The Average Cost of a PhD
All higher education is expensive. A postgraduate education is even more costly. Exactly how much more depends on the school you choose and the area where that school is located.
Say you want to matriculate at an Ivy league school for your PhD degree. What the heck, let’s live dangerously and go for the best and say you want to go to Harvard! A PhD student at Harvard is charged full tuition for the first 2 years (currently $37,576), reduced tuition for the next two ($10,112 as of 2013) and a facilities fee thereafter until he/she graduates ($2,574 as of 2013). There is usually a 4-6 percent inflationary increase every year.
Added to the above, you have to pay the mandatory health services fee at $956 (add another $2,190 if you want to go for the Supplemental Blue Cross Blue Shield and Hospital/Prescription plan). Of course, you have to live somewhere and eat something. Locales in the northeastern United States have a higher cost of living than most other places, so if you go to an Ivy league school, you will end up paying between $20,000-$25,000 per year on accommodation, utilities, books and supplies and other miscellaneous expenses.
If it takes you 5 years to complete your program and earn your PhD degree, you would spend at least $200,000 before you graduate.
At a state university in another part of the country, the average cost of a PhD is about half of that.
And that is only your cost in terms of money. The PhD degree will cost you around 5 years of your life. It will cost you many sleepless nights of study. There will be times of desperation and depression when the research is not going too well. There will be impossible deadlines and terrible stress. There will be several severe tests of your character and motivation.The PhD will cost you in many ways that you can’t quantify and ask the bank to calculate!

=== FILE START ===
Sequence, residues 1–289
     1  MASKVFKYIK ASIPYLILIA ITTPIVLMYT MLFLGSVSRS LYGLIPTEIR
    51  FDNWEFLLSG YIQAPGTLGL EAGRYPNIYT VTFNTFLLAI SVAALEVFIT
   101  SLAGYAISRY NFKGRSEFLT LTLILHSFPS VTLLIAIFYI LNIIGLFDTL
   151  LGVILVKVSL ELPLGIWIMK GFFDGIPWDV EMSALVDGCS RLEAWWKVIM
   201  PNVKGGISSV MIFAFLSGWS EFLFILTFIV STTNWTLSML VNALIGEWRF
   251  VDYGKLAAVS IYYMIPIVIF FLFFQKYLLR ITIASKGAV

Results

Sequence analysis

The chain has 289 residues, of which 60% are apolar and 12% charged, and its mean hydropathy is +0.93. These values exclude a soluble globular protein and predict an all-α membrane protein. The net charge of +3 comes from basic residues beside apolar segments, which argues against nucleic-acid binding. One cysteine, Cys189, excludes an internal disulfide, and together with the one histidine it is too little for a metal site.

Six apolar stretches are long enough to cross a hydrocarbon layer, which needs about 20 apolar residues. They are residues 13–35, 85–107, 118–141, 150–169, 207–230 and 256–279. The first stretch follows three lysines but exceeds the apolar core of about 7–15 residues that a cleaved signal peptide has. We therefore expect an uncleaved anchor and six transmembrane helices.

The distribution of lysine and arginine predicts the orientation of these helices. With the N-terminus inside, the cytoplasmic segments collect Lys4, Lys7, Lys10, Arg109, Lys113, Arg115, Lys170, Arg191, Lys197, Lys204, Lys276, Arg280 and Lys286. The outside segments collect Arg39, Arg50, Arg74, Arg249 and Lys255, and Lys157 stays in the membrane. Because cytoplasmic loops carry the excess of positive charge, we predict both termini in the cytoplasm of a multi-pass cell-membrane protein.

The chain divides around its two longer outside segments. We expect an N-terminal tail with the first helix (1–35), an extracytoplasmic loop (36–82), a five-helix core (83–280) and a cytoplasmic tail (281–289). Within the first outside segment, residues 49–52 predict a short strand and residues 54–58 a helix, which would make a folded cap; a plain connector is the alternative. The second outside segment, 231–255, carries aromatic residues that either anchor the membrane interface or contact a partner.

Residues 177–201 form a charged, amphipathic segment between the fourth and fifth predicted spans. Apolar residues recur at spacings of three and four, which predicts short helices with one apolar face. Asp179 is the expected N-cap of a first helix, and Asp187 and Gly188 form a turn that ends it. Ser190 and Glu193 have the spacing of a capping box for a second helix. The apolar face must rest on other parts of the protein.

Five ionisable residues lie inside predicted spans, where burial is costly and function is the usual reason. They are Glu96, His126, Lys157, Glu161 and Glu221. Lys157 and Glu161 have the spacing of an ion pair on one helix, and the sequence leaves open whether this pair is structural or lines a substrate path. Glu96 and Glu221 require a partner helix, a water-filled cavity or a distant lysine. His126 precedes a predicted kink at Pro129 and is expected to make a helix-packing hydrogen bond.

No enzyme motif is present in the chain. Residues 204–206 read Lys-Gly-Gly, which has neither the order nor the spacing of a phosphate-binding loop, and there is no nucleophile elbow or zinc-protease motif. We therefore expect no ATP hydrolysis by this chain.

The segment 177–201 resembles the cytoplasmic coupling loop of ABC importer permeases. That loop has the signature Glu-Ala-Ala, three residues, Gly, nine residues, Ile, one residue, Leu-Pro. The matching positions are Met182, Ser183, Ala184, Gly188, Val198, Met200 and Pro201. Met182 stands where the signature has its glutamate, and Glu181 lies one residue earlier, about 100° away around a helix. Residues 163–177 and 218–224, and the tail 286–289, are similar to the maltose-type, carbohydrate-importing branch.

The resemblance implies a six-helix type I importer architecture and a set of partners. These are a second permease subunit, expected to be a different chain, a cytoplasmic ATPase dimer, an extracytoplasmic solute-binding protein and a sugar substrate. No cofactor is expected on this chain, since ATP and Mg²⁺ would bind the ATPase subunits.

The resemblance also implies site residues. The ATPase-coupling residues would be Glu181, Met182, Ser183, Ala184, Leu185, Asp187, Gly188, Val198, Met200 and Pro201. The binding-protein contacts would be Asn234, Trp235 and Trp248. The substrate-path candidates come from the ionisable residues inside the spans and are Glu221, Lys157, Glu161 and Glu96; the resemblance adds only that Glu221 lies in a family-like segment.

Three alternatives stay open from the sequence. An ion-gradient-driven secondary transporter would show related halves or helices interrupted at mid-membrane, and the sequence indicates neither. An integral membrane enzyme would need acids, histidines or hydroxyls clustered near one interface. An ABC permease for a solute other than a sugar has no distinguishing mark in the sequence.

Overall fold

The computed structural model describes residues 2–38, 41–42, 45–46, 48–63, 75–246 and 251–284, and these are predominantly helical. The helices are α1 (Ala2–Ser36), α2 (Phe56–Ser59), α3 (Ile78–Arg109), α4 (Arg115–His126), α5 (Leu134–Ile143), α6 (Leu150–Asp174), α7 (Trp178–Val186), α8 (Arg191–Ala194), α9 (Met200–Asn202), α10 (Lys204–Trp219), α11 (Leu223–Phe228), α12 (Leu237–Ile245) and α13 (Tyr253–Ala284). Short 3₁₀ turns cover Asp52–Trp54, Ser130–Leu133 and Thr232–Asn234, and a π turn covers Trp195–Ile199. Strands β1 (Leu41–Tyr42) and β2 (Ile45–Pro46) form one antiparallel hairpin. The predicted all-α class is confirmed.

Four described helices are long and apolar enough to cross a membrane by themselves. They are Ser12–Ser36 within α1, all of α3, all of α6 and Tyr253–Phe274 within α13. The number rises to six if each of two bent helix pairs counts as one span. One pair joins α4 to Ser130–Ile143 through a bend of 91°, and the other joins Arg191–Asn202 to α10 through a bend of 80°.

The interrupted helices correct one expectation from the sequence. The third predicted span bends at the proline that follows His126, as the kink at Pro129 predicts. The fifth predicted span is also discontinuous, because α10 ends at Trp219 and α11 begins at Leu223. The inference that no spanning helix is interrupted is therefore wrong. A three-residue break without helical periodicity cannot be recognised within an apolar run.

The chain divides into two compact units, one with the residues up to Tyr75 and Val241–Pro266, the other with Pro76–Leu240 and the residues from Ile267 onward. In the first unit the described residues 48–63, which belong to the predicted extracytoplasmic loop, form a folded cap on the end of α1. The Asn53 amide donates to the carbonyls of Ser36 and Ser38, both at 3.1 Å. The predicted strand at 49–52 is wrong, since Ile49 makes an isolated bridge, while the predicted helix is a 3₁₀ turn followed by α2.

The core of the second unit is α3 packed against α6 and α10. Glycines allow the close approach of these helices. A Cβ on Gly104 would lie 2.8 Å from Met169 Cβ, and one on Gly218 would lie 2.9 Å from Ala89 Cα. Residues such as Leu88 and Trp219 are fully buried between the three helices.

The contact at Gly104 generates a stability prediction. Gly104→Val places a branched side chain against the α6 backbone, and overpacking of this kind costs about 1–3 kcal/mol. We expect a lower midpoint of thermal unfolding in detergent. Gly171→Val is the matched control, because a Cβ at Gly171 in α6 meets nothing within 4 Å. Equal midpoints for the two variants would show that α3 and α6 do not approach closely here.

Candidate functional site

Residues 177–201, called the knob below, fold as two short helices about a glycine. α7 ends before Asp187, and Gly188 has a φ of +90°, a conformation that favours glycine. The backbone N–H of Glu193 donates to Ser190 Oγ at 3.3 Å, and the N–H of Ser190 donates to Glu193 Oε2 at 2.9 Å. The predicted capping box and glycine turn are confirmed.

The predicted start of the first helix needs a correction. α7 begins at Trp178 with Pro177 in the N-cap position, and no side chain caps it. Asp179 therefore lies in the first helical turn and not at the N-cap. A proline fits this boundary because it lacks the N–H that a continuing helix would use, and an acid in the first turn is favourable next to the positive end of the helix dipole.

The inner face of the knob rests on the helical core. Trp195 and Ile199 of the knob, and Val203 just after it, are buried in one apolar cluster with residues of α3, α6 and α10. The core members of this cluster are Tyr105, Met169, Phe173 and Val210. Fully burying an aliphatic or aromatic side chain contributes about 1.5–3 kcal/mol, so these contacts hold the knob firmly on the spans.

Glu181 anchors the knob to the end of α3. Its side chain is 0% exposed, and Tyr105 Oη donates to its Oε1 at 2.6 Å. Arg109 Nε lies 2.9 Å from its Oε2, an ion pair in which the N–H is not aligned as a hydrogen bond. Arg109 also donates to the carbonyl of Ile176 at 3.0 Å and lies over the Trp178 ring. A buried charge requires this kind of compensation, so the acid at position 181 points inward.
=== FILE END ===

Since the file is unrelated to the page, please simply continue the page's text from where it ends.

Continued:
If you’re willing to pay the qualitative, intangible costs, however, you really don’t have to pay for your PhD. In fact, you will probably get paid by your school or department while you go about your studies. If you are accepted into a PhD program, you are likely to be granted financial aid in the form of a Teaching or Research Assistantship. Additionally, you are free to work 20 hours a week on campus during the summer months and breaks if you stay at school and register for a couple of classes.
The stipend from the assistantships may not be too much, but it is enough to cover your fees and your basic cost of living. As far as tuition fees are concerned, the policy differs from school to school. Some universities may waive your out-of-state fee, others may waive tuition fees all together and charge you just a nominal flat fee per course. In sum, you won’t be rich and you won’t have a lavish lifestyle, but you won’t starve and you will be able to afford a pizza now and then!
Even if you don’t get an assistantship immediately, don’t lose heart. You will easily find on-campus jobs if you are determined. Also, there are always scholarships, grants and awards that you can apply for. At worst, there are student loans that will help you pass the initial waiting time until you get your bearings and find the assistantship or on-campus employment that will take you through the program.
A PhD, even at the best, most expensive university, need not cost you any money at all once the school accepts you as a student. You have to be willing to pay a steep price in terms of your life and your relationships, however. There’s no way out of that cost.
This post is part of the series: PhD Advice
Advice and tips for PhD students